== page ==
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France must watch its steps in Mali

It should not be entwined in a protracted campaign, resulting in French deaths and exacerbating the crisis

Gulf News

Events in Mali are taking a troubling turn with the announcement over the weekend that France is to intervene militarily against Tawareq rebels and militants linked to Al Qaida. Britain too is sending at least one aircraft to assist the French.

The intervention comes after a year of political infighting, coup and counter-coup, allowing the rebels ample opportunity to advance to the capital.

The intervention by French forces has, at least for now, turned the tide against the rebels, who have made significant advances since declaring independence in the areas under their control in Mali’s north.

French President Francois Hollande says that Paris is assisting its former colony to turn back the threat of militants linked to Al Qaida in North Africa. Paris fears that the nation will slip into lawlessness, as in Somalia, and it believes that Mali has the potential to fall into chaos, akin to what has happened in Afghanistan in the past decades. While tens of thousands of Malians have been rendered homeless or been forced to move to the south of the country to avoid the spreading military conflict, international aid agencies have failed to keep pace with the growing refugee crisis.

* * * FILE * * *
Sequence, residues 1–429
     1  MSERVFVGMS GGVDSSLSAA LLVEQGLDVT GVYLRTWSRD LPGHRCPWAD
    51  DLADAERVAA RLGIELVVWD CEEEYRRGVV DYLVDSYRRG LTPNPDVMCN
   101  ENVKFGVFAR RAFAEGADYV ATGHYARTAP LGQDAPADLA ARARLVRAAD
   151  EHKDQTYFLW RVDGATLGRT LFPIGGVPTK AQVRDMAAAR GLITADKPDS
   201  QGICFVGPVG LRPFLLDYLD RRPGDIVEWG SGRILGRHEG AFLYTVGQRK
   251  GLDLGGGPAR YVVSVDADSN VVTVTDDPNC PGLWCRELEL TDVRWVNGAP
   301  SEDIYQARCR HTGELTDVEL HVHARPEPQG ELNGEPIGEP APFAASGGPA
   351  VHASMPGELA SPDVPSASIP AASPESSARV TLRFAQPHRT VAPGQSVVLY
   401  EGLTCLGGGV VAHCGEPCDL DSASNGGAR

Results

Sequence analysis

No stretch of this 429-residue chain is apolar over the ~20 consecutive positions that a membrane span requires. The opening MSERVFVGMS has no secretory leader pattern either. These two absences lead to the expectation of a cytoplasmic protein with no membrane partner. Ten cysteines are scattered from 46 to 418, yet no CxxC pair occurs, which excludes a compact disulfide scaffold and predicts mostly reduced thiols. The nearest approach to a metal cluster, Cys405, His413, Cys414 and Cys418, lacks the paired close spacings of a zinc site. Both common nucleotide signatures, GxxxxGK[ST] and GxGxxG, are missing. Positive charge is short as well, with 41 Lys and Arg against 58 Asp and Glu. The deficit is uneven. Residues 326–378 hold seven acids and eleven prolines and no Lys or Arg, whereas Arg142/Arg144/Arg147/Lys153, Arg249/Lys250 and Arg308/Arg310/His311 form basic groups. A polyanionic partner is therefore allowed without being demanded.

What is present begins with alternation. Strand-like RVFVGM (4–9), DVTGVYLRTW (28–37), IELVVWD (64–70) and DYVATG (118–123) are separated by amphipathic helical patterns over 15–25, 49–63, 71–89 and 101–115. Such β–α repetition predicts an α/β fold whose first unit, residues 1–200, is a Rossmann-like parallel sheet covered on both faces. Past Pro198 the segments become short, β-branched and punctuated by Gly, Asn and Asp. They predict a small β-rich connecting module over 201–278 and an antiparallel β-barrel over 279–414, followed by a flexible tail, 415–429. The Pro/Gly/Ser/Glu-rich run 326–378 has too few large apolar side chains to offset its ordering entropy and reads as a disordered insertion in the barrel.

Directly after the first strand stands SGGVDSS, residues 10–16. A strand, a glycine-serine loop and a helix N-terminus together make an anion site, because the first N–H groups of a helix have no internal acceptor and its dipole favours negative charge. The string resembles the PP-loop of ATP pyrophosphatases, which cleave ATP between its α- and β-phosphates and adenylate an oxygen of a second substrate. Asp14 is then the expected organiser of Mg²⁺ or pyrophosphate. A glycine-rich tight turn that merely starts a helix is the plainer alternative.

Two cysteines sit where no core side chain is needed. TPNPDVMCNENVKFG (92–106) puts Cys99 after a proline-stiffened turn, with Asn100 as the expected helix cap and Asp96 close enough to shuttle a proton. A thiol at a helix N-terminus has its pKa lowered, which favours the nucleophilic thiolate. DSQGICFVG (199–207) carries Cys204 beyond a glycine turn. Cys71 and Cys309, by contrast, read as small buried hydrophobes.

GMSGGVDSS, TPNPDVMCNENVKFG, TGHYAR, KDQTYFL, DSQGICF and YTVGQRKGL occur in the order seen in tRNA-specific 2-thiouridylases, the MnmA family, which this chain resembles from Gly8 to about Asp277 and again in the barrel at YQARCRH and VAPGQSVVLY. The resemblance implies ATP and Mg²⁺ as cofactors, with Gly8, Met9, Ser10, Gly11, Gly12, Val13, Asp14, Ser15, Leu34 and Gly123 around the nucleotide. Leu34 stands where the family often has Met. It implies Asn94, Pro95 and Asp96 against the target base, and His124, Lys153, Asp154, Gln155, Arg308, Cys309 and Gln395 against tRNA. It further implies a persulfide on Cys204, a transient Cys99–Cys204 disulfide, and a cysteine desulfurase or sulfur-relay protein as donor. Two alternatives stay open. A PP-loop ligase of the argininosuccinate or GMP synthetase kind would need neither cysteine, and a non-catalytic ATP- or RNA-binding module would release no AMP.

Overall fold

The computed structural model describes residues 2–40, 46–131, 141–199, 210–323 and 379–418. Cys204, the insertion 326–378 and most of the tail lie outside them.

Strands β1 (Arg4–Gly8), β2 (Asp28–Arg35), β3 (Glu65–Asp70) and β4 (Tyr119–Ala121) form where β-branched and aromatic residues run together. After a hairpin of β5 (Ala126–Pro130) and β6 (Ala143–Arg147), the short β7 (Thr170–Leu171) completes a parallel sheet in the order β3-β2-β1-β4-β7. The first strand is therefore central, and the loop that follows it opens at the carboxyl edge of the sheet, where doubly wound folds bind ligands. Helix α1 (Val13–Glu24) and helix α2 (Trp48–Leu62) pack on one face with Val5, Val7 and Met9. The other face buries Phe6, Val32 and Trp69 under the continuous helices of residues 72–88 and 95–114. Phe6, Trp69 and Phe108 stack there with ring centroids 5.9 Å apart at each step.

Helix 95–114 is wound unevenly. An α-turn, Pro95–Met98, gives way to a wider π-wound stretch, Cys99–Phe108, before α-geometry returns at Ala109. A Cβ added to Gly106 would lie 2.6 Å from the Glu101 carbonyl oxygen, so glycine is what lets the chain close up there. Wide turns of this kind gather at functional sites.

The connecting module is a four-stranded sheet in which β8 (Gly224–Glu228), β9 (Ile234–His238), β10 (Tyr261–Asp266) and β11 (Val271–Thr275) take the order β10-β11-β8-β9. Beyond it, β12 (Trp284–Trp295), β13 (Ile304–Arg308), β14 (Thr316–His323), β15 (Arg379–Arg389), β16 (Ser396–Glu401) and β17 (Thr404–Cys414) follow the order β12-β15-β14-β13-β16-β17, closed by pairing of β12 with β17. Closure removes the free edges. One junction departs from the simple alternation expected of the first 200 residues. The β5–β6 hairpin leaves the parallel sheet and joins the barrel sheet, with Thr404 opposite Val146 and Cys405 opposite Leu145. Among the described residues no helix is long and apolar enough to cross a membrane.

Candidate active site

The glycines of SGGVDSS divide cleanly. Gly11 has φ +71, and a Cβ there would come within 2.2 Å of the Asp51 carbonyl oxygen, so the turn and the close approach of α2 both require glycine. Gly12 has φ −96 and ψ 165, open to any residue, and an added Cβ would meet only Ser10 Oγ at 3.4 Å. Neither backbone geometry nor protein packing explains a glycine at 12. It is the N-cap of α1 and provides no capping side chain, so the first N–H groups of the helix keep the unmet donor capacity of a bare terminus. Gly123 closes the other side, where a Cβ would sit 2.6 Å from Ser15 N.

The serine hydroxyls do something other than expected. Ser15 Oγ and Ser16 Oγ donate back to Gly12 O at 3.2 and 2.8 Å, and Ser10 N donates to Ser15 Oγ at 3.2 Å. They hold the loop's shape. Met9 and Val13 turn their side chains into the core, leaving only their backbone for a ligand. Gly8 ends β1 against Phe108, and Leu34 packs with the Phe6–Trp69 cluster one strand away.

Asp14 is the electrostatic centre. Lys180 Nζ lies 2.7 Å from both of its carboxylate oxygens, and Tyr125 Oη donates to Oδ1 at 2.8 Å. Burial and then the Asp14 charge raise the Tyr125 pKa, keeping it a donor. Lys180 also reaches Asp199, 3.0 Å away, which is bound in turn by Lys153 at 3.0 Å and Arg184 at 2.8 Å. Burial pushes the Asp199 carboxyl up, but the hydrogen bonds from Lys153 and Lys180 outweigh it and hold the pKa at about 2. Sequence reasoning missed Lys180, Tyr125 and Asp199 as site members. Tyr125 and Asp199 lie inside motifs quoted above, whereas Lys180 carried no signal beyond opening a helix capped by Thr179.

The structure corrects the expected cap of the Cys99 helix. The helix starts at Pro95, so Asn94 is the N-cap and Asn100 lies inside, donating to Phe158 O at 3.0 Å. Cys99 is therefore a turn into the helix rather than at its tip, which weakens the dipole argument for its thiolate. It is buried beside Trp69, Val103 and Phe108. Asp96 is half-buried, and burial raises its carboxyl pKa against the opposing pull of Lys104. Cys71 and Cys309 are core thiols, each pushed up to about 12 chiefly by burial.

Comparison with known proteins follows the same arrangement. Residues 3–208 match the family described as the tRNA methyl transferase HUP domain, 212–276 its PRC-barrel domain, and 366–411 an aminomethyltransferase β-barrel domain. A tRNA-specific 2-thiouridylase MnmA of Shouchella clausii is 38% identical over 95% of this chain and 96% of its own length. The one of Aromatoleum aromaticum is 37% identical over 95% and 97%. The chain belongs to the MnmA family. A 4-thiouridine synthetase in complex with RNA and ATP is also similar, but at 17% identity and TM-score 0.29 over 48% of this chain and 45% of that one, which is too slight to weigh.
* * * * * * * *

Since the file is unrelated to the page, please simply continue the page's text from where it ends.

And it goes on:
Both the political and military leadership in Paris need to bear in mind that western intervention against militants in Somalia, Afghanistan and Iraq have had bloody consequences. Indeed, France should recall its own troubles in dealing with the Viet Minh in its former colony of Vietnam (French Indochina) and in dealing with the independence movement in Algeria. It is fine to draw up military plans in Paris, but it is a different story once those boots are on the ground, as troops get drawn into difficult peace-making operations.

France needs to have a clear and decisive course of action, not becoming entwined in a protracted campaign that results in French deaths and exacerbates the difficult plight of refugees. Perhaps international aid would have been a wiser course of action, given that the regional neighbours have already committed themselves to finding a military solution to the crisis.